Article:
A Canadian pastor who was arrested in North Korea last year for allegedly plotting to overthrow the state has been hospitalized because of poor health.
According to Canadian diplomats, Hyeon Soo Lim, pastor at Light Presbyterian Church in Toronto, has been receiving treatment in the hospital since August, UPI reported. His family has been informed of his deteriorating health.
In April, Canada sent a delegation to visit Lim in Pyongyang but did not disclose the details of their visit for Lim’s protection.
"The government of Canada is concerned for Mr. Lim's rights and well-being," Joseph Pickerill, spokesman for Foreign Minister Stéphane Dion, said, according to CBC News. "Consular officials are providing assistance to Mr. Lim and his family. We are grateful that we were able to visit him."
Canada has been negotiating the pastor’s release but it admits the process will not be easy.
Lim had gone missing in North Korea in January 2015. The following month, news of his arrest broke out. North Korean officials accused him of committing crimes against the state.
In August, North Korean state news released a video of Lim confessing to the said crimes.
“The worst crime I committed was to rashly defame and insult the highest dignity and the system of the republic,” Lim said in the video, adding that he planned to “overturn its social system by taking advantage of the hostile policy against it sought by the South Korean authorities and set up a base for building a religious state,” The Guardian reported.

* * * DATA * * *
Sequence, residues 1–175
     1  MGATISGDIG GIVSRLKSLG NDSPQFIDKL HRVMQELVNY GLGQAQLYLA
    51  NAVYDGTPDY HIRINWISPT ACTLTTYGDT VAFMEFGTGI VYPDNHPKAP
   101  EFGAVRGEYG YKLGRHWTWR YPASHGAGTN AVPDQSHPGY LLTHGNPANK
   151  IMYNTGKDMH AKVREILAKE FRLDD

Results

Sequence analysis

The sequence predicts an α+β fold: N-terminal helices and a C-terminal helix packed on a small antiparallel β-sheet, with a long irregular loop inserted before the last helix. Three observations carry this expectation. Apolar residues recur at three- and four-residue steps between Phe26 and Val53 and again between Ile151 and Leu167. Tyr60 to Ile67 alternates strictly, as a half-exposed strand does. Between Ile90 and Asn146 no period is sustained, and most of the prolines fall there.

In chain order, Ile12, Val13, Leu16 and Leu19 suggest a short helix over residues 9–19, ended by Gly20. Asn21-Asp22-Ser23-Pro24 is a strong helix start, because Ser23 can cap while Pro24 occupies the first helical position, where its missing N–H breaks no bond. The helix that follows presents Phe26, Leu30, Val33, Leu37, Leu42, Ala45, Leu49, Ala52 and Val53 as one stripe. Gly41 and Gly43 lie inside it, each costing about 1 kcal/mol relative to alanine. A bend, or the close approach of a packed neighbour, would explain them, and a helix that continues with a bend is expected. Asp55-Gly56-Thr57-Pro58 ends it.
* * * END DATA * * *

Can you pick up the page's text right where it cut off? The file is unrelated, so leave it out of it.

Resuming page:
However, persecution watchdog Release International said he appeared to be reading from a script, and there are suspicions that Lim had been coerced into confessing the crimes.
On December of the same year, after a brief trial, Lim was sentenced to life imprisonment with hard labor. The pastor is in his 60s, and many people, including his family, expressed concerns for his health.
The members of his church in Toronto are petitioning the Canadian government to intervene for Lim’s sake.
"We know that in both cases the highest level of government officials, including Prime Minister Justin Trudeau himself, were instrumental in securing the release of these fellow Canadians," the church said in a statement, referring to citizens who had been detained in other countries and had been set free. "We urge the Canadian government to demonstrate the same attention and determination when engaging in diplomatic talks with the North Korean officials."
Lim had been involved in humanitarian work in North Korea, where he helped establish orphanages and nursing homes, for almost 20 years. He had traveled to the country more than 100 times before his arrest.
Lim, in an interview with CNN, said he worked eight hours a day, six days a week, in the labor camp. He dug holes for planting apple trees.
"I hope I can go home some day," Lim said. "Nobody knows if I will ever go home, but that is my hope. I miss my family. I am longing to see them again, and my congregation."